Actually I think we already have that now since NYC did away with the law. It just sucks that of all the 2A cases the SCOTUS could hear, *this* is the one? Yawn. It won't benefit anyone accept the city ppl. Maybe I'm just being short sighted, but I just wish it was something more like throwing out the BS definition of an "assault rifle" or addressing carry restrictions.

        Comment


          #5
          Originally posted by BLAMMO!! View Post
          So,best case scenario, you'll have the "right" to transport locked and unloaded. Another "landmark decision ".

          "Now all you gun owners can STFU and leave us alone for at least the next 10 years."

          But the State still may or may not issue.
          Actually best case scenario is the court rule strict scrutiny on the 2nd amendment. Which could possibly rule all gun control laws ineffective

          which is a very long shot
          The natural liberty of man is to be free from any superior power on earth, and not to be under the will or legislative authority of man, but only to have the law of nature for his rule ...Samuel Adams, "The Rights of the Colonists" page 419

          Comment


            #6
            Maybe the SCOTUS will decide that Premise licenses are unconstitutional, you know, because they prevent you from "bear(ing) arms."

            ...I can dream, can't I?

            Comment


              #7
              My opinion.... The case is not moot .... the relief was not freely given ... and the lower courts all agreed with the City ..so those are the decisions that the SCOTUS will be addressing because that is the still the question of constitutional correctness ..... also all the amicus briefs for the city argue that the city was acting properly and constitutionally .. further..the City guaranteed it will be heard because they said so in their Motion for mootness .... the City basicly said .... even though they were acting constitutionally ..they gave the plaintiffs complete relief and if the case proceeds they will not argue the merits of the case only it's mootness..... This case calls into question the level of government control that can be applied to an enumerated individual right ...also the manner in which lower courts have been applying different levels of scrutiny ... and as a side note ..several similar cases are pending in lower courts they are gonna have to address this .... I say the SCOTUS hears the case.. they didn't wait 10 years to balk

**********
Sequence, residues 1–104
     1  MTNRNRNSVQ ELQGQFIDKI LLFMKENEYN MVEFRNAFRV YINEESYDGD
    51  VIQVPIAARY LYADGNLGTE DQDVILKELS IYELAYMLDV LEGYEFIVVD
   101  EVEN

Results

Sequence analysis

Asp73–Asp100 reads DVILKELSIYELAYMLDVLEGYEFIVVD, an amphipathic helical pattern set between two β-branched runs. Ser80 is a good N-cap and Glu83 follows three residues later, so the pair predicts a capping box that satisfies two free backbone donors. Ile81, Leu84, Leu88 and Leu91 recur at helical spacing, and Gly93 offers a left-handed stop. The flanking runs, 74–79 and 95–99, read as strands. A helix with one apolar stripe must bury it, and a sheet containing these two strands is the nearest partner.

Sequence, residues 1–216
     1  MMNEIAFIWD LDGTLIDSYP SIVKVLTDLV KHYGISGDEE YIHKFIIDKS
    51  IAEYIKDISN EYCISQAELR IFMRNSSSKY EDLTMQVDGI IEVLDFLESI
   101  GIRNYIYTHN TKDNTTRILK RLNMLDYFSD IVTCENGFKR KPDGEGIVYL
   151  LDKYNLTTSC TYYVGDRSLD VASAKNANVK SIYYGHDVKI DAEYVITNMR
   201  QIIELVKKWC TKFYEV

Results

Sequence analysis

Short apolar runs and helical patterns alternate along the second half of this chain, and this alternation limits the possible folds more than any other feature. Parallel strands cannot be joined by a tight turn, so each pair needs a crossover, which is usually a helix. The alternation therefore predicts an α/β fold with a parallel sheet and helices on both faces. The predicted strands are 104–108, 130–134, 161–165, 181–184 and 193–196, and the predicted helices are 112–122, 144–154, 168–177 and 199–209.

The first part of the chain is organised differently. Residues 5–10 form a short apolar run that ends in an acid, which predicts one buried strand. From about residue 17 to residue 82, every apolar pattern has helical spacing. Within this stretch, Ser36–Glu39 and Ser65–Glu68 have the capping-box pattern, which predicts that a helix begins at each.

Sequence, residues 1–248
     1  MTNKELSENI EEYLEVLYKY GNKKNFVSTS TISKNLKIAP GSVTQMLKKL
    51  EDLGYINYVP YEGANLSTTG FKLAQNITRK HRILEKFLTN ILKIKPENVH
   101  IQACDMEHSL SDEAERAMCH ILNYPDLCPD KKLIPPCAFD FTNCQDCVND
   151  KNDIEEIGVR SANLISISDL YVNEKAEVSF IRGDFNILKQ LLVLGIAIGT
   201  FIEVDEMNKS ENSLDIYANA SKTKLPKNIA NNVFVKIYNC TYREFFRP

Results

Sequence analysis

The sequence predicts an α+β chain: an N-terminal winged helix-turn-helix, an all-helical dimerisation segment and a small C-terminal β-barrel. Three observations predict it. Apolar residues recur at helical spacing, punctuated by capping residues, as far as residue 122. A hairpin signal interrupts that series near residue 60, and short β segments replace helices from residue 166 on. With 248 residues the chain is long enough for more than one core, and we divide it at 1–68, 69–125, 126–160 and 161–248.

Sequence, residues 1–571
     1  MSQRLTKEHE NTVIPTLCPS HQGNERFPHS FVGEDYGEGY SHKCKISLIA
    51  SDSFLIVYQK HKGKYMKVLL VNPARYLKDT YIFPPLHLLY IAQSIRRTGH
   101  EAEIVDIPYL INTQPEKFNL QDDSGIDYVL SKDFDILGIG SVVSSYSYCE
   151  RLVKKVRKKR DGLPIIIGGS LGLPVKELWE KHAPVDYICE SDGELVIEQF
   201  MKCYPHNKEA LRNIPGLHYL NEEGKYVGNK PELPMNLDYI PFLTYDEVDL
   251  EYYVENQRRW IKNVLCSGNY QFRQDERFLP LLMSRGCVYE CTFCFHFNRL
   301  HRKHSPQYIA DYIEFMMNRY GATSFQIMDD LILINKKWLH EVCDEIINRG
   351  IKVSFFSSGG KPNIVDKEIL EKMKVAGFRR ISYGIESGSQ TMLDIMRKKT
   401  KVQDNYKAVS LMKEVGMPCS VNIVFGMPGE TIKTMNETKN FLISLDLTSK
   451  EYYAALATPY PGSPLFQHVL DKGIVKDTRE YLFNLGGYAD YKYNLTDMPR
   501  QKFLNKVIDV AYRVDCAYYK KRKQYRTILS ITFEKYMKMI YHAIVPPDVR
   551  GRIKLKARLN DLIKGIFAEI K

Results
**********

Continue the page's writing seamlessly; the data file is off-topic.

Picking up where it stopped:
Comment


                #8
                Originally posted by Range Time View Post
                Maybe the SCOTUS will decide that Premise licenses are unconstitutional, you know, because they prevent you from "bear(ing) arms."

                ...I can dream, can't I?
                They can't because the plaintiffs did not raise that issue.
                Know your rights/Refuse peacefully to consent to a search /Ask if you are free to go or are being detained/Even if you are not doing anything wrong the 4th Amendment protects you against unreasonable searches/Never say anything to law enforcement even if you think it will help you/If questioned you should clearly and unequivocally request that you would like to have an attorney present and defer any questions until then/Never go to prison because you are afraid to go to jail.

                Comment


                  #9
                  I heard Kavanaugh once lied to his mother about eating the last ice cream 48 years ago. I think the dems are looking to get him kicked of the Supreme Court
                  let's make america great again

                  Comment


                    #10
                    Originally posted by Banzai View Post

                    Actually I think we already have that now since NYC did away with the law.
                    Only if you had a premises restriction.

                    https://assembly.state.ny.us/leg/?default_fld=&bn=A07752&term=2019&Summary=Y&Action s=Y&Text=Y&Committee%26nbspVotes=Y&Floor%26nbspVot es=Y


                    Notwithstanding any inconsistent provision of state or local law or rule or regulation, the premises limitation set forth in any license to have and possess a pistol or revolver in the licensee's dwelling or place of business pursuant to paragraph (a) or (b) of subdivision two of this section shall not prevent the transport of such pistol or revolver
                    ANY violation by ANY person of ANY provision of this section is a class A misdemeanor. - NYPL §400.00(15)
                    Conspiracy in the sixth degree is a class B misdemeanor. - NYPL §105.00